There are many reasons why Charles I had lost the support of the political nation, but his policies of inaccessibility certainly alienated many and fostered fears of tyranny and Catholicism, as the work of Judith Richards, among others, amply demonstrates. (1) It was such a concern to not repeat his father’s mistake of alienating the nation that convinced the restored monarch to cultivate an aura of accessibility. In fact, Edward Hyde continually reminded Charles II to communicate with his subjects. Such commitment to accessibility was, if anything, magnified by Venner’s failed rebellion. True, as Stater claims, the fifth monarchists caused great fear, but that fear had more effect on the countryside than on the court. It is reasonable to assume that the fear of rebellion, of a return to civil war, influenced electors to pick representatives who were in favor of law and order, of hierarchy and tradition, in short those with Cavalier leanings. Charles II was quite happy with this turn of events, as his reluctance to dissolve the Cavalier Parliament demonstrates, but it appears that he may have realised that the Parliament was an anomaly, that it was a snapshot of public sentiment at a very specific time. In fact, the Cavalier Parliament was probably more royalist than the king and definitely more Anglican than the nation. Charles feared that those not represented by Parliament would feel alienated. To placate them, to make them feel part of the governing process, he used his accessibility. There were times between 1660 and 1676 when Charles turned away from his policies of open access, but such actions were personally rather than politically motivated. Only after the Compton Census was Charles willing to truly abandon his policies of access. While historians doubt the statistical accuracy of the Compton Census, there’s no reason to believe that Charles II did not accept the findings at face value. And the Compton Census revealed to Charles II that non-conformists were a distinct minority of the population. As such he was willing to employ a weapon that was not at his father’s disposal, giving complete control to a party devoted to the Anglican Church and the king, a party that had been created during the English Civil War. It still took considerable efforts on the part of the Royalist Anglicans to convince Charles II of their ability to govern, and only when he was fully convinced of it did he give them complete control of access to his person, only then was he willing to risk alienating the substantial part of the governing nation that were not Tories.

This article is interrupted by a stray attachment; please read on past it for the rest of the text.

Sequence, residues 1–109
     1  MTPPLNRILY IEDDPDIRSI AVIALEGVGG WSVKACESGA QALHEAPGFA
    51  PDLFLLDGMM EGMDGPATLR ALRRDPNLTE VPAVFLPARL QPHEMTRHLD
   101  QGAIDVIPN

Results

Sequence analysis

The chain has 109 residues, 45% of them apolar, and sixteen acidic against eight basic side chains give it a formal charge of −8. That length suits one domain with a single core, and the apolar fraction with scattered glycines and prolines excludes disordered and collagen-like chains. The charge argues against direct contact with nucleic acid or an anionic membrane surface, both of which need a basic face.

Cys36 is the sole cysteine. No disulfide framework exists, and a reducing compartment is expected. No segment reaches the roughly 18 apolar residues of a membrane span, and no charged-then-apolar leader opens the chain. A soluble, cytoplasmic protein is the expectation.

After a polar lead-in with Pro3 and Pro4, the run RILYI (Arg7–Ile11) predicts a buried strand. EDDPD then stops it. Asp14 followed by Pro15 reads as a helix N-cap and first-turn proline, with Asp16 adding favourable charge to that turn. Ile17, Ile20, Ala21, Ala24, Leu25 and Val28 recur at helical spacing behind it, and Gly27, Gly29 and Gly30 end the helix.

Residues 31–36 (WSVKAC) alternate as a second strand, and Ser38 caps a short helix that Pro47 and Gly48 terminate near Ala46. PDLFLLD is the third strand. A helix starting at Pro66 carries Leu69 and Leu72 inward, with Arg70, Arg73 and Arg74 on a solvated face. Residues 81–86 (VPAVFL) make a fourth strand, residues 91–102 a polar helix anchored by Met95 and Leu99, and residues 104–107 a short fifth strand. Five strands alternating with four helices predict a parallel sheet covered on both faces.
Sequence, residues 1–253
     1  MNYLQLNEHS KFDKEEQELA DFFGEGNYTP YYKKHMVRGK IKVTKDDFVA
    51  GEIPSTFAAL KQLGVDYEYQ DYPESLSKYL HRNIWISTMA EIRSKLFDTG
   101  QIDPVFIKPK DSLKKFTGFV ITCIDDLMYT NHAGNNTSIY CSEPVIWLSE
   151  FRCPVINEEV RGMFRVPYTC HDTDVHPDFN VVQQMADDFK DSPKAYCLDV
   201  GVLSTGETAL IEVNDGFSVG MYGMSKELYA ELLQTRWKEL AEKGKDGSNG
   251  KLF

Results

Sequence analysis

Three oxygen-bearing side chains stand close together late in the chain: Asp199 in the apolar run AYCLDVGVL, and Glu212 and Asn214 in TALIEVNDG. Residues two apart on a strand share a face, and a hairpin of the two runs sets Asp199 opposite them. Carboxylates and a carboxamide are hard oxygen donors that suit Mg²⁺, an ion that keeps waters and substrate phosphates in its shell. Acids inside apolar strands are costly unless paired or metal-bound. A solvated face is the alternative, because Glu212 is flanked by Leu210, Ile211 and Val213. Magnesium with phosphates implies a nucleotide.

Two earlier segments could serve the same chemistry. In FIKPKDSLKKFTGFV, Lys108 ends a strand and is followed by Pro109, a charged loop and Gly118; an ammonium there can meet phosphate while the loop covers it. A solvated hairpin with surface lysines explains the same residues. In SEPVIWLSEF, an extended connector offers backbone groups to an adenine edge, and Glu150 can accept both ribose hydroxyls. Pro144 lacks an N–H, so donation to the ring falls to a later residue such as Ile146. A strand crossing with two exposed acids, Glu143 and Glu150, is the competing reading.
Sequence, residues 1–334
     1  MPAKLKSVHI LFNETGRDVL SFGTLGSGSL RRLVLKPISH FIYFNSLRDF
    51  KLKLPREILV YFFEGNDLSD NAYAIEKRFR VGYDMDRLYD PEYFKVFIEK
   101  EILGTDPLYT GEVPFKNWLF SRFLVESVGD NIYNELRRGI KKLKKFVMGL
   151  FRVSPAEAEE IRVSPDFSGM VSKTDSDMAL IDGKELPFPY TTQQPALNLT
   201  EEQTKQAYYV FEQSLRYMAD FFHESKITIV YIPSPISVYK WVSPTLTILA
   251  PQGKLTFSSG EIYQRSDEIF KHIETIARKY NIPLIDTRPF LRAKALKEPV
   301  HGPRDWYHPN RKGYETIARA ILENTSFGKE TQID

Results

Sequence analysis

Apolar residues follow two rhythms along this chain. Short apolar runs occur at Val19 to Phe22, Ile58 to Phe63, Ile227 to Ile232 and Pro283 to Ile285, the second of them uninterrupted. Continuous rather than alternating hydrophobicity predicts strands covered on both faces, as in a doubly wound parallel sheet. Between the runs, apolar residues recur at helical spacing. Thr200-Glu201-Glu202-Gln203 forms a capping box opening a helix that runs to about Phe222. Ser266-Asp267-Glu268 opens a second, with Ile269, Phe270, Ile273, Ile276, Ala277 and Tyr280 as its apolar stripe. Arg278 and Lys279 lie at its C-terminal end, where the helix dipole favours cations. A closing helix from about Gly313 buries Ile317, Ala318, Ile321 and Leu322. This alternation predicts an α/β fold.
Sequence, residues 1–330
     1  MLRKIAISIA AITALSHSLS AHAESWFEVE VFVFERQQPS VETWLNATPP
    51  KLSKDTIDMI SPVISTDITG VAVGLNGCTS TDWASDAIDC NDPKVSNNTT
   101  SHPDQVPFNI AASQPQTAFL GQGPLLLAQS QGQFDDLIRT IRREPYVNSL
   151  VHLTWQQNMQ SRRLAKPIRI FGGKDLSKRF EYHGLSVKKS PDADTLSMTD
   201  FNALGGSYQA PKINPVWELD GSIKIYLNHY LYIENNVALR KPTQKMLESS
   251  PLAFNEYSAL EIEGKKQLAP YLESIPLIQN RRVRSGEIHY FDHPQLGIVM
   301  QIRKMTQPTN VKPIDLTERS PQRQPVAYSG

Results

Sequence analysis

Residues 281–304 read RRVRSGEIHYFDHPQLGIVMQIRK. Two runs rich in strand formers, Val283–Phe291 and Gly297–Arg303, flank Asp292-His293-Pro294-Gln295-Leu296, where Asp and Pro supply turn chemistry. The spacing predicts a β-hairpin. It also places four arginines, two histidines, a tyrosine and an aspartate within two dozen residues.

As such I find it hard to accept that Charles’s commitment to being ‘everybody’s king’ was either short lived or half-hearted. It formed an integral part of his policy and was one of his chief political tools.